WHAT IS COURT OR JUDICIAL JUDGMENT & OTHER TERMINOLOGIES USED FOR?

WHAT IS COURT OR JUDICIAL JUDGMENT & OTHER TERMINOLOGIES USED FOR?

Dear readers, this article on different terminologies of Court judgment is informative with facts and will educate  general public, students, teachers, and help competitive aspirants in preparation of IAS, PCS, CLAT, AIBE, UGC/NET, and other exams.

Only those who scare off God’s punishment, not else, can do justice in favour of right, not wrong”.  __ Dr. Md. Usmangani Ansari

What is Judicial Judgment or Judicial Ruling or Judicial Order or Judicial Opinion or Judicial Decree or Judicial Verdict?

Speaking order or reasoned order is considered as the third limb of natural justice. A reasoned decision is a decision that contains reason in its support. When the adjudicating bodies give reasons in support of their decisions, the decisions are treated as a reasoned decision. It is also called speaking order.

Speaking Orders are necessary if the judicial review is to be effective. The party affected must know why and on what grounds an order has been passed against him.  This is a new principle of natural justice which has been recognized in India and the USA, but, yet to be recognized under English Law. The expression ‘speaking order’ was first coined by Lord Chancellor Earl Cairns. While explaining the ambit of Writ of Certiorari, referred to orders with errors on the face of the record and pointed out that order with errors on its face, is a speaking order.

For examples in Indian Judicial Judgments:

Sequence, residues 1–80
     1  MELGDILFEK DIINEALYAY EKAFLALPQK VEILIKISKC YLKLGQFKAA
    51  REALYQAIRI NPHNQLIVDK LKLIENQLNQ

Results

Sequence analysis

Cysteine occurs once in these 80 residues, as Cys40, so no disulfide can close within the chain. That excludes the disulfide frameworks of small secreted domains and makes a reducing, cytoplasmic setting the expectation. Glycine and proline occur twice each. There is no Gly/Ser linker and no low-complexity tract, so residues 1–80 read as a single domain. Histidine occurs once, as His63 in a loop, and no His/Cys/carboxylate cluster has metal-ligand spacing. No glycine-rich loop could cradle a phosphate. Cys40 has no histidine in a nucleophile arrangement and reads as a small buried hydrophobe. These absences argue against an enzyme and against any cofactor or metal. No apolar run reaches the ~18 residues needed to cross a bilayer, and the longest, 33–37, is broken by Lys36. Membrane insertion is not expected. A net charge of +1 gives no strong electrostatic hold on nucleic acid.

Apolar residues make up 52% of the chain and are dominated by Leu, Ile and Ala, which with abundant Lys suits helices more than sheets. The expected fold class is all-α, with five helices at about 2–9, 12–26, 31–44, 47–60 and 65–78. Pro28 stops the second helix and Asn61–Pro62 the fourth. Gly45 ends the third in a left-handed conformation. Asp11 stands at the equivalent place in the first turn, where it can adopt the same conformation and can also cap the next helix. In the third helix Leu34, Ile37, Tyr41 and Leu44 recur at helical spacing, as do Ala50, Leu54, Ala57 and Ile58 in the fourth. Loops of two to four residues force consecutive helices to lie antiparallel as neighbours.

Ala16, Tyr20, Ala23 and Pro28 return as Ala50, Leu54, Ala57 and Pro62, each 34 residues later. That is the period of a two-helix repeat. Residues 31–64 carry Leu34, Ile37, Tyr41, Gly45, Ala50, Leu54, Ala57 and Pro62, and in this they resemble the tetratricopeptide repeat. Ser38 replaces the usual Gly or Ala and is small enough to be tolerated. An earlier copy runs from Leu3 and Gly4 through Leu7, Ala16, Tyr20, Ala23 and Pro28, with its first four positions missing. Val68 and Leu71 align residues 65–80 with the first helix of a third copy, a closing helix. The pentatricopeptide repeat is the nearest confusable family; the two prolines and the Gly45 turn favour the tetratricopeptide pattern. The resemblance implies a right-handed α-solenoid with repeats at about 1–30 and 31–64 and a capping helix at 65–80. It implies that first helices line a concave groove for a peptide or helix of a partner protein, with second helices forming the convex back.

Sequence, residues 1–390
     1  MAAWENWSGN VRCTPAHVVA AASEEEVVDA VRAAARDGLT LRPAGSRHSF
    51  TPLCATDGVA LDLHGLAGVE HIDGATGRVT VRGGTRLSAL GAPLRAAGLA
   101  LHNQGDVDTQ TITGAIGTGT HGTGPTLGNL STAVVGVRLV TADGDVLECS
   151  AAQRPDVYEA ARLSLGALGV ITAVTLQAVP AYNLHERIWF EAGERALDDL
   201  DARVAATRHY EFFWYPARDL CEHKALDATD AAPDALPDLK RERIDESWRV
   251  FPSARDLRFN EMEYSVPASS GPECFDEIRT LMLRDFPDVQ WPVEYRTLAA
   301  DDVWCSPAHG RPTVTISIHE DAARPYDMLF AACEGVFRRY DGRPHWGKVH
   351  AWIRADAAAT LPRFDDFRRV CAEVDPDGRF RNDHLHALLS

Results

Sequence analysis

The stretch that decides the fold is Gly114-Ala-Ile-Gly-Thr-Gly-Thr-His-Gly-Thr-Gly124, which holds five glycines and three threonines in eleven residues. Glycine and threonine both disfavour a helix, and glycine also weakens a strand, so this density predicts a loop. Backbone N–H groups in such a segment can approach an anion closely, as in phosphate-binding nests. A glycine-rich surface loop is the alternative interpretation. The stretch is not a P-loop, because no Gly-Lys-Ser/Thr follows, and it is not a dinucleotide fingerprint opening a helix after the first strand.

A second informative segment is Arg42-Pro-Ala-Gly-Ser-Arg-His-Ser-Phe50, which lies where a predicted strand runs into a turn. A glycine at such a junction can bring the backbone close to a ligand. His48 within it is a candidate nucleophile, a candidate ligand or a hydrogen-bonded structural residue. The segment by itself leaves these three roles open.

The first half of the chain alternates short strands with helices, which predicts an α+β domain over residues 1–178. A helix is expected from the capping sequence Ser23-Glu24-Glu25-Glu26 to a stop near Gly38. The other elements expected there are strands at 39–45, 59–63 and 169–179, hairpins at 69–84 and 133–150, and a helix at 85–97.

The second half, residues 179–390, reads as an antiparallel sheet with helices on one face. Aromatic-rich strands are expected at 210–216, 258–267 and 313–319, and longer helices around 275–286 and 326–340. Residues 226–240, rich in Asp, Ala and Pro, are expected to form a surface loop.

1. Ghanshyam Indravadan Pandya vs University Engineer on 2 April 2018
  2. Rameshwari Devi vs State of Rajasthan and Ors. on 9 November 1998
  3. Haji Manzoor Ahmed And Anr. vs State of U.P. And Ors. on 24 May 1968

Judicial Terms/Synonyms Related to Court Judgment

Judicial terms related to court judgment: Ruling, order, opinion, judgment, decree, and verdict.

Although these terms are sometimes used interchangeably, they have their distinct meaning and direction.

Court Ruling

court ruling is the outcome of a court’s decision, whether on some particular point of law (such as the admissibility of evidence) or the case as a whole. In other words: Any decision made by a judge during litigation is called a ruling. For example, if a court grants father custody after a trial on the custody issue, that is a ruling. Also, if a court sustains or overrules an objection to evidence raised during a trial, that is a ruling.

Court Motion

A motion is an application for an order. The granting or denying of a motion is a matter of judicial discretion. When a motion is granted, the moving party (the party who requests the motion) is ordinarily limited to the relief requested in the application. The order must be consistent with the relief requested in the motion, and it should set forth any conditions on which relief is awarded.

Court Order

  • Every direction or mandate of a judge or a court which is not a judgment or legal opinion (although both may include an order) directing that something is done or that there is a prohibition against some act is called court order. This can range from an order that a case will be tried on a certain date, to an order that a convicted defendant be executed at the state  OR
  • Fora judge to direct that a party before the court perform a particular act or refrain from certain acts, or to direct a public official or court employee (like a sheriff) to take certain actions such as seizing property or arresting a law violator is known as a court order.